Last week saw a bit of a milestone for our new project HRO: Adventures of a Humanoid Resources Officer — we completed a working draft of all the branching narrative content for the first “episode” of the game. This first level will serve as our playtesting prototype, so getting this on its feet has been priority for us. Part of drafting the first episode included outlining all six planned episodes in the first season so we could know how they fit together and what we’ll need to include to accomplish all our narrative goals.
This process provoked some interesting questions about player choice and what, exactly, makes a choice interesting for a player. One seemingly obvious answer is that interesting choices are choices which have big results. World-shaking, make-or-break, put-it-all-on-the-line, life-or-death types of decisions. I don’t love this answer. If everything is a 10 on the drama scale, nothing seems particularly important. And life isn’t made up of one earth-shattering choice after another. It’s also tough to build genuine human stories out of nothing but technicolor fireworks moments.
Traditionally, player choice and the impacts of those choices have either been cosmetic -- ultimately landing the player in a pre-determined spot regardless of choices made -- or consequential in the short-term (usually as side-quests) but leaving the base experience "on rails." We're looking at linking all the episodes in a "season" of HRO modularly so player actions unlock different stories, puzzles and potential interactions across the entire experience. So completing Episode 1 by sending a critical crew member on vacation will give the player a different set of given circumstances at the beginning of Episode 2 than if the player had chosen to forge the navigational records to hide the Captain's crime, for example.
One of my favorite things about our last project, Austen Translation, was a conversation I had with a player at the last Boston Festival of Independent Games (BFIG). Austen’s a strategy game dressed up like a dating sim, and this player was making terrible choices and losing — like really obviously losing. After he finished I asked him about it — to make sure our game mechanic wasn’t too obscure or he hadn’t misunderstood the tutorial. He assured me that he knew he was losing, but he was making choices which seemed right for his character. I loved that. His sense of character was so strong that he preferred to play and lose the game in character rather than min-max the strategic options. Those kinds of emotional connections between a player and a game experience are gold, and we’re looking at ways to foster a similar sense of control and consequence for an HRO player.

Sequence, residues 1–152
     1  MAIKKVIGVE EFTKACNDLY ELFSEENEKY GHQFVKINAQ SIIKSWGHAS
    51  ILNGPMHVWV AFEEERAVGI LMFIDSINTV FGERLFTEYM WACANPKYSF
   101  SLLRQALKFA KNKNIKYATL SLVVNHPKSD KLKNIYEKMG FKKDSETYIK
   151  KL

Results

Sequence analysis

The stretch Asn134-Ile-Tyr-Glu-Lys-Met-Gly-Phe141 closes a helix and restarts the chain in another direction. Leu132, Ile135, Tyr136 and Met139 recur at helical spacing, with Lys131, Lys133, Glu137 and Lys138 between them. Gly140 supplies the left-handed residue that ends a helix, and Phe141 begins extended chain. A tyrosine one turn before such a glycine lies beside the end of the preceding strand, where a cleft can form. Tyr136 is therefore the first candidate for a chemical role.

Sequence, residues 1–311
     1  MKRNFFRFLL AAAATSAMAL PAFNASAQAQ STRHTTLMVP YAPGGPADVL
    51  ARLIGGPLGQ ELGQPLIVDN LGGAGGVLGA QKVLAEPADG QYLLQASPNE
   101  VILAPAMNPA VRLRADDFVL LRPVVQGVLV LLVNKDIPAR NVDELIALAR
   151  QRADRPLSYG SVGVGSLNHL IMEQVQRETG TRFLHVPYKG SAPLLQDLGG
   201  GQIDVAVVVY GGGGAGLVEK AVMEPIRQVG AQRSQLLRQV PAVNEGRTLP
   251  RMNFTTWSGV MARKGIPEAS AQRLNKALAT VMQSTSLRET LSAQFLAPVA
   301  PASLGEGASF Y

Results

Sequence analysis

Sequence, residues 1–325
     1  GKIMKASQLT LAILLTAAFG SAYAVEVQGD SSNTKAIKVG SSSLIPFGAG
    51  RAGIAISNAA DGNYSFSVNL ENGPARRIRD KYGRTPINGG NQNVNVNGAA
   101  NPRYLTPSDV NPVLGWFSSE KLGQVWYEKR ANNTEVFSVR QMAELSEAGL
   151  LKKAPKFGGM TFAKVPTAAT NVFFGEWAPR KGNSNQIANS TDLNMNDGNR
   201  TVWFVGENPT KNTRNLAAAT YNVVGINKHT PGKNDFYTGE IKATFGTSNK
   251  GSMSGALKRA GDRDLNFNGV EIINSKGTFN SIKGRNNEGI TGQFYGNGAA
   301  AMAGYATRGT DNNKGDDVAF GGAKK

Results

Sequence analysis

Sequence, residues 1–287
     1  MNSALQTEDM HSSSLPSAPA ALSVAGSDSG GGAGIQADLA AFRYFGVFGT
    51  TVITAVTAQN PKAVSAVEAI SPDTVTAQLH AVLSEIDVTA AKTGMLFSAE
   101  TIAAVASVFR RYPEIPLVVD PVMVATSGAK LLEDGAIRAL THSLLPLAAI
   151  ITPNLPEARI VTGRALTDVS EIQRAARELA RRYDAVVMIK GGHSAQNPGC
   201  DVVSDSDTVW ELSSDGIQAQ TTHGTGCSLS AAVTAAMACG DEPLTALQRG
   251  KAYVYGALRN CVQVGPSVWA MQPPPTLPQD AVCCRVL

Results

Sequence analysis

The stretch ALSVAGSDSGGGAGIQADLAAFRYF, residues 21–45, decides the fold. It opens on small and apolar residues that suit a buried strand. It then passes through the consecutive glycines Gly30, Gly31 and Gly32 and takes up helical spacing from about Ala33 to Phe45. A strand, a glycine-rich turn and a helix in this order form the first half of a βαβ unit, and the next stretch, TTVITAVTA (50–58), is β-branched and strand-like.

In part, I was thrilled with that Austen player’s response because that’s the way that I tend to play games. I pick my Rimworld survivors based on how much I like them, not necessarily on their chances for success. I’ve played Brittany and Provence in Europa Universalis IV not because I thought I would win with these plucky upstarts, but because I wanted to stick it to France (they think they’re such an Empire… they make me so mad!) I can’t tell you how many ships I trained up for in Eve Online because they looked cool. I’m not against winning. I love to win. But the best win of all is when I can win by doing it my own way -- making my own sometimes unorthodox choices.
For the HRO prototype we’re working on making the choices feel consequential for the player, whether they have a dramatic effect on the course of the story events or not. Some will. Some dialogue choices will unlock solutions the player won’t otherwise hear about. Some solutions to each act will remove future options from play, or open up different storylines, or even in some cases, cause characters to die or disappear from the game. Most won’t. If we can get the player to care enough about their humble protagonist, then the choice to suck up to a egomaniacal Captain Spangler or to defy her iron will create stakes high enough to keep them engaged on their journey through the HRO universe. We’re shooting for choices which create emotional connections and maybe, sometimes -- if the player is very brave -- allow them to save the universe.
Worthing and Moncrieff, LLC is an independent developer of video game stories founded in 2015.